Bike Riding With Your Four-Legged Buddy

Sparky Steps - Bike Riding With Your Four-Legged Buddy

Bike Riding With Your Four-Legged Buddy

Not everyone is built for all types of exercise.

Have you ever asked yourself, "is it safe to ride my bike with my dog" or "how to ride my bike with my dog"? We have and we wrote this article to help you figure that out!

Some people might like to hit the weights; others can spend an hour or more each day on the cardio machines. Some might like a weekend game of softball, while others tend toward tennis or bowling. Likewise, when it comes to exercise not all dogs are created equal. Some breeds are built for a walk around the block; some can run for what seems like hours. Do you bike? If you like bicycling and want your four-legged friend to join you on your rides, there's some things you should take into account. For one, a basset hound is not a border collie. If you think Dudley the basset hound is going to trot contentedly beside your bicycle for an hour-plus scenic tour, you are going to be unpleasantly surprised. This harkens to the saying, "Never attempt to teach a pig to sing; it wastes your time and annoys the pig." Your bike ride is NOT going to last long and you're really just going to make Dudley very unhappy (let's face it: basset hounds inherently look sad, there's no need to make things worse). Large, heavy breeds will have a hard time keeping up with the bike. Puppies don't generally do well; it's recommended that a dog be at least a year and half before joining you on your bike rides. Flat-faced dogs like pugs or bulldogs don't do well with this activity, either. But if you have a breed that requires a lot of exercise and can handle tagging along when you go for a bike ride, is it a good idea to bring them along? Let's explore.

 

Bike Riding With Your Four-Legged Buddy

The first thing to consider is this: you'll have to be prepared to train your dog to go along on your bike rides. It's not a simple matter of grabbing a leash, hopping on the bike and heading out. (A word about the leash: under no circumstance should you use an ordinary leash when walking a dog alongside a bicycle. The leash can get tangled in the wheel spokes; the dog can get ahead of you and wind up under the bike's front wheel; and you simply don't have the control you need with this type of leash. Invest in a bike attachment like the WalkyDog or the DoggerJogger to keep you and your dog safe at all times).

 

Start slow.

Walk the bike and dog around the yard to get him acclimated to this new wheel-thingie in his life. Go for a short distance and stop and praise him with kind words, pats and small treats. (Check out this awesome video from Gone to the Snow Dogs that discusses the best commands and tips you can use to get your dog starting on his bike riding adventures). Make him feel like a GOOD BOY (or her a GOOD GIRL) for performing this activity--really lay it on thick! Add a bit more distance every day until he seems comfortable and shows you he's up to the task. Every dog learns at a different pace, but be prepared to spend at least a few weeks with this sort of training ritual. And if you have a furry friend who's distracted by vehicles, animals, or other stimuli, you'll have to train them away from that behavior as well. Again: pats, treats, praise. Again, time and patience are your friends here. Along these lines: make sure you're not distracted while out biking with your dog. This is stressed by the American Kennel Club, which suggests that you make sure your dog is not afraid of your bike before trying this activity and that you "are able to pay attention to your dog while you ride."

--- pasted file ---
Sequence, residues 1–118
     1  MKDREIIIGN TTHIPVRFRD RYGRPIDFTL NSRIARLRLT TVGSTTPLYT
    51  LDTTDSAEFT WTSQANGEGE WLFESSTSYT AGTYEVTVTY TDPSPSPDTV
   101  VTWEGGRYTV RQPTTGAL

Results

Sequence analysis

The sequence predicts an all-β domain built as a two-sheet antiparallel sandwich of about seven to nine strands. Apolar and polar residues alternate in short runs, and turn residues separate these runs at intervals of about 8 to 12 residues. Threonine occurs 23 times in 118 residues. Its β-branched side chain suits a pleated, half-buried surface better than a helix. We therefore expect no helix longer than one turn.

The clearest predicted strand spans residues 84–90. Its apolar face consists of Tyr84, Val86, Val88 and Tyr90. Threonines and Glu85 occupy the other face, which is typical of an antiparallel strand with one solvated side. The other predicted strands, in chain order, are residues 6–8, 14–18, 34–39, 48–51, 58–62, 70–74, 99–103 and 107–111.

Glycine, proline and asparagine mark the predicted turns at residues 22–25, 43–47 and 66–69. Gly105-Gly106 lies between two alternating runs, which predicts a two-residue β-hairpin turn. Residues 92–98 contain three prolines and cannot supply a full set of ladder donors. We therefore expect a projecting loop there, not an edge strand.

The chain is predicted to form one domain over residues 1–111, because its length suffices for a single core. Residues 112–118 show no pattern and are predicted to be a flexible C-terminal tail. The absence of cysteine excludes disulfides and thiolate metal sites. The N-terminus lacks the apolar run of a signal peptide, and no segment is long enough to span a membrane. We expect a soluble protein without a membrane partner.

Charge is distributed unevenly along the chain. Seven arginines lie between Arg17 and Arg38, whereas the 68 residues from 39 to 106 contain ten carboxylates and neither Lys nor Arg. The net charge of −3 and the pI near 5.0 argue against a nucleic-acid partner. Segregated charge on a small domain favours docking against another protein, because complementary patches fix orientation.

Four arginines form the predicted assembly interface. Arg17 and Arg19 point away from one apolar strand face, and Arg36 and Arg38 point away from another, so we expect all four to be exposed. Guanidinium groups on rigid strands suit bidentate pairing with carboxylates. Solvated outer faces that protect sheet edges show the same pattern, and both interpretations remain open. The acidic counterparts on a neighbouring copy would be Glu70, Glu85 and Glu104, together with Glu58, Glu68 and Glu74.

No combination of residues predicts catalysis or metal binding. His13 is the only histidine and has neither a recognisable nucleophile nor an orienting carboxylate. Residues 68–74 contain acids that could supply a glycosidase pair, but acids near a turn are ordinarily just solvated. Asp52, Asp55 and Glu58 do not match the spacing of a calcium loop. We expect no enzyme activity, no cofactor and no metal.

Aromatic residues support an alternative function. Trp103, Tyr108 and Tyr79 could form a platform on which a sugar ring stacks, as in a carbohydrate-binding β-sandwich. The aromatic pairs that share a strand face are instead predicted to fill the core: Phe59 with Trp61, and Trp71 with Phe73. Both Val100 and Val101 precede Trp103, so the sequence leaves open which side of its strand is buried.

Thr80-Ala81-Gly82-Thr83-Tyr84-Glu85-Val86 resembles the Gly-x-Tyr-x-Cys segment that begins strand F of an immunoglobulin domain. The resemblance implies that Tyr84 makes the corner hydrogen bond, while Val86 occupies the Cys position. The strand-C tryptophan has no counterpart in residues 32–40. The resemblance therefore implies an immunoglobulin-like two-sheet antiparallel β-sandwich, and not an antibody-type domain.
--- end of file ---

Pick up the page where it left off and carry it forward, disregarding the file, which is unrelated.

Take Breaks

Once you've gotten beyond the training and are starting to go out on longer journeys, remember to take breaks. Stop and give your dog water frequently. Overheating can be a common problem when cycling with your dog. You might not feel as if you need as many breaks, but your buddy on the end of the leash is going to say otherwise. Still, you can do everything right and not get your dog on board with the idea. Remember: don't try to teach a pig to sing. If Roxie doesn't take to trotting beside your bike, no amount of coaxing is going to make her do it. In the end, you just may decide that two wheels and four paws simply do not mix. Accept it. Make bike time your time, and time with your fur child going for normal walks, or playing with a Frisbee, or chasing each other around the backyard. Ultimately, it's all about quality time, and when it comes to your dog, that's what counts. Now it's time to get your biking on, stay safe everyone!

 

Written by Harrison Howe

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